SPECIAL REPORT: Riverside Board of Supervisors reinstates RIDE program for released inmates

Riverside County Sheriff's Office - Southwest Detention Center (courtesy)
Riverside County Sheriff’s Office – Southwest Detention Center (courtesy)

The Riverside County Board of Supervisors approved the reinstatement of the Riverside Inmate Destination Endeavor (RIDE) program providing free transportation home to inmates released late from the Southwest Detention Center jail.

Following a discussion on the effect of the recent discontinuance of the program on the criminal activity Murrieta’s French Valley area, led by Third District Supervisor Chuck Washington, Tuesday, the Board approved $100,000 to reinstate the program for another year. The motion to reinstate the program was approved in a four to one vote. Fourth District Supervisor John Benoit cast the only “NO” vote. A four member majority was required to pass the program’s approval because it was a budget issue.

READ: RIVCO: Board of Supervisors re-establish RIDE for released inmates

The RIDE program was first instituted by the County in June, 2014 after then Supervisor Jeff Stone told the Supervisors residents and businessmen surrounding the Southwest Detention Center in French Valley were filing numerous nuisance and property crime reports. Since then Stone has become a state senator and Washington was appointed by Governor Brown to replace him on the Riverside Board of Supervisors. The pilot program was discontinued on May 1.

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The program began after residents in the French Valley and surrounding Murrieta area argued that many of the inmates being released from the jail late at night had no money to pay for a ride. As a result they were seen late at night loitering outside of the nearby homes and businesses. One French Valley resident, in favor of the programs reinstatement, appeared before the board. She told supervisors that inmates had come to her door late at night and at local businesses asking to use the phone and for money.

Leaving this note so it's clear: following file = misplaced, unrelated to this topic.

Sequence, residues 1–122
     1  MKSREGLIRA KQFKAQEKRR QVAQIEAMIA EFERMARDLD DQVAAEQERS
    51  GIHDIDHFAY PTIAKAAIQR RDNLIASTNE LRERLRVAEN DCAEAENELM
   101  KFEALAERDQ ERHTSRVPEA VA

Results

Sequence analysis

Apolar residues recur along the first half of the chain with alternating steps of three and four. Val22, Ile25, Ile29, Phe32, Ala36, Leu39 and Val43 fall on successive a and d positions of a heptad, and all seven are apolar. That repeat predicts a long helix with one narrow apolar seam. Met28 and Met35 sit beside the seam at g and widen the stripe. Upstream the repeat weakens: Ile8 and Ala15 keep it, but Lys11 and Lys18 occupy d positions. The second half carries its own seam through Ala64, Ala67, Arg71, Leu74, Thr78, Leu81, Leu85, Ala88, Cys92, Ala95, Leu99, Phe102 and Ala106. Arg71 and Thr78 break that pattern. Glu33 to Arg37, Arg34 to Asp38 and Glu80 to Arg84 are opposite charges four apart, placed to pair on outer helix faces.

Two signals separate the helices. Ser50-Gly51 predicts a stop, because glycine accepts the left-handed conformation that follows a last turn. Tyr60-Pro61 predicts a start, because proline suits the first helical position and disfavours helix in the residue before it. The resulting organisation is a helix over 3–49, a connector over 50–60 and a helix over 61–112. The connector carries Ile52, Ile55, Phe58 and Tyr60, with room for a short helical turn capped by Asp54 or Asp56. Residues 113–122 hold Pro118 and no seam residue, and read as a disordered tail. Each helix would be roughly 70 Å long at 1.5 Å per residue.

Murrieta Police Chief Sean Hadden also appeared before the board to relay his support for reinstatement of the RIDE program. He cited several examples of inmates who had committed crimes in an around the detentions center after their release. He noted that after the program was discontinued there have been a number of “high profile” cases involving released inmates who had no ride home. He said the highest number of these incidents were in the Highway 79 and Hunter Road area not far from the jail.

Murrieta Councilman Rick Gibbs also made and appearance saying residents are again reporting released inmates wandering through neighborhoods “knocking on doors and asking for help.” He asked the board to reinstate the program.

After the pilot program started, inmates released from jail late at night, were provided a voucher to pay for a taxi or shuttle service to their home or a preferred location. The nuisance complaints quickly decreased in the area, according to Chief Hadden. He said since RIDE was discontinued a 5.7 percent crime decrease in the Murrieta area has been recorded.

Undersheriff William DiYorio, standing in for Sheriff Stan Sniff, told the board that the crime rate in Murrieta actually was about the same countywide and could not be directly attributed only to the inmates released from the Murrieta jail. In a report to the board, said while the data was not specific to the French Valley area, the property owners believed the decrease in crime was attributed to the RIDE program. He did say that the actual crime rate last reported to the department was up 15 percent countywide. There were conflicting crime rate reports submitted to the board in recent weeks.

Supervisor Benoit said he cast the no vote mainly because it was a budget issue. Because of the higher cost the RIDE pilot was not continued after May 1. The sheriff’s department reported that after 12 months the RIDE program cost $77,161, well over the original $25,000 allocated by the county. The Board of Supervisors, during the year, voted for additional appropriations in June and December of last year to cover those additional costs.

He said he believed the sheriff has a number of other programs like the Community Oriented Policing (COP) are addressing the increasing crime rates and the county does not have the money to continue the RIDE program at a cost of $100,000.

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